The age of onset and severity of symptoms associated with alpha-1 antitrypsin are quite variable, even within the same family. Environmental exposures significantly effect whether a person will develop symptoms. Smoking puts individuals with alpha-1 antitrypsin at much greater risk to develop emphysema. The already abnormal and deficient Pi Z protein functions 1,000 times less effectively in smokers. Researcher Ronald Crystal states, "Cigarette smoking renders an already poorly defended lung completely defenseless." People with alpha-1 antitrypsin who are not exposed to harmful environmental factors are less likely to develop emphysema. If people with two PI Z genes stop smoking before they develop lung disease, their life expectancy increases and the risk of lung disease decreases.
Individuals who have one abnormal gene with very little protein function and one gene with somewhat reduced protein function may also at risk for chronic obstructive lung disease. It is possible that people with one Z gene and one normal gene are also at risk to develop chronic lung disease if they are exposed to harmful environmental factors such as tobacco smoke. The age symptoms begin in this group would be later than that seen in people with two abnormal genes. Some researchers disagree, stating that people with PI SZ and PI MZ genes are not at significant risk for lung disease.
The risk of liver disease and liver cancer are increased in individuals with alpha-1 antitrypsin. Babies and children with alpha-1 antitrypsin may have abnormal liver function and inflammation. The abnormal liver function they develop is called cholestasis, which is when the liver stops secreting a digestive fluid called bile. A build-up of bile causes cholestatic jaundice (yellowing of the skin). These abnormalities sometimes progress to liver disease and liver failure, which is fatal without a liver transplant. In other babies and children, liver function returns to normal.
A small number of adults with alpha-1 antitrypsin develop liver disease, and some develop liver cancer. The age at which the liver disease begins, the rate at which it progresses, and the stage at which it is usually diagnosed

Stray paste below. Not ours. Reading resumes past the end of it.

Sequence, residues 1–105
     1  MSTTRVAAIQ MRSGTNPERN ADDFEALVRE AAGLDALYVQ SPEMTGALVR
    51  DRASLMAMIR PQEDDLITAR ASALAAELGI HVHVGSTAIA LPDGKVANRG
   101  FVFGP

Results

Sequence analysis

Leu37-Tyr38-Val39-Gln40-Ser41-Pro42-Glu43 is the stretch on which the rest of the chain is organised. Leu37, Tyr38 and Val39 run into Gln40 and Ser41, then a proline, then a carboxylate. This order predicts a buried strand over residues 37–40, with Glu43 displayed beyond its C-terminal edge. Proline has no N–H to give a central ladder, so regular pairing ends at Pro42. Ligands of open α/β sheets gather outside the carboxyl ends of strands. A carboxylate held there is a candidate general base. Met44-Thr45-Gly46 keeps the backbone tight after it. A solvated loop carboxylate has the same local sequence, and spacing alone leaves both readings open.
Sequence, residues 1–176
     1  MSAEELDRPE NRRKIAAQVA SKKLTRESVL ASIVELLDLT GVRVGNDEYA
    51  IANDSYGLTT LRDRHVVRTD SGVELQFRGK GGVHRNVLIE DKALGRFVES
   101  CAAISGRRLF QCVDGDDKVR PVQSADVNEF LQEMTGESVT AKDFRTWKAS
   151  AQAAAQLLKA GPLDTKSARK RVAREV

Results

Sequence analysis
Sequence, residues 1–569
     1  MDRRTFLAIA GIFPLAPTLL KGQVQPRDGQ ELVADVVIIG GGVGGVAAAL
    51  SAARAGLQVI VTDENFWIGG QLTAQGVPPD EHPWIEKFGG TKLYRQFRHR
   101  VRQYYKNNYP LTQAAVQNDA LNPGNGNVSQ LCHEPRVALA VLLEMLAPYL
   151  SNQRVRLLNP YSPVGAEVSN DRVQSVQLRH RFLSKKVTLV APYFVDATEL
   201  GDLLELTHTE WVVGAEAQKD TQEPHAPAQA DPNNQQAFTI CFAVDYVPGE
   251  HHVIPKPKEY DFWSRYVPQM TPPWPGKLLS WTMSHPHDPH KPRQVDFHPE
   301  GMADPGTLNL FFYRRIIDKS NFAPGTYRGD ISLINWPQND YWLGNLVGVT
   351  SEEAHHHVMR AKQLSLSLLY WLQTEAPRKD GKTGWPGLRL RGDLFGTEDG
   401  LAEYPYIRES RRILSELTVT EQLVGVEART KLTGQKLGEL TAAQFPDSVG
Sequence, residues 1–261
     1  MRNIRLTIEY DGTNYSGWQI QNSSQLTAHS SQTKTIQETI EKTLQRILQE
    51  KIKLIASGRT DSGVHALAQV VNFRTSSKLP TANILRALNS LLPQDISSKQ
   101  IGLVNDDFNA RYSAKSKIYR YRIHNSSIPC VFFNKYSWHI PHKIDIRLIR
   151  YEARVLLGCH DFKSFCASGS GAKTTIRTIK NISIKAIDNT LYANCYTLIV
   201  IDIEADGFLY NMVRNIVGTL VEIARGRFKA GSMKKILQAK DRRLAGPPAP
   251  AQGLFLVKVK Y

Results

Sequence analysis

The likelihood that a child or adult with alpha-1 antitrypsin will develop liver disease can be predicted to some degree based on which change in the gene (mutation) they have as well as their family history. The risk that a baby with two Z genes will develop significant liver disease is approximately 10%. However if a person has a family history of alpha-1 antitrypsin with liver disease, this risk may be higher. Males (both adult and children) develop liver disease more often than females. Alpha-1 antitrypsin is the most common genetic cause of liver disease in infants and children. Researchers do not know why some people with alpha-1 antitrypsin develop progressive liver disease and many others do not. The liver disease appears to be related to abnormal antitrypsin protein remaining in the liver instead of being secreted.
Alpha-1 antitrypsin may be suspected in a newborn with cholestatic jaundice, swollen abdomen, and poor feeding. In later childhood or adulthood, fatigue, poor appetite, swelling of the abdomen and legs, or abnormal liver tests may trigger the need for testing. The diagnosis of alpha-1 antitrypsin is based on measurement of antitrypsin (Pi) in the blood. If levels of Pi are deficient, genetic studies may be performed to determine which abnormal forms of the gene are present. The Pi protein can also be studied to determine which type a person has. Prenatal diagnosis is available, however, it is recommended that parental genetic studies precede prenatal testing to ensure accurate interpretation of results.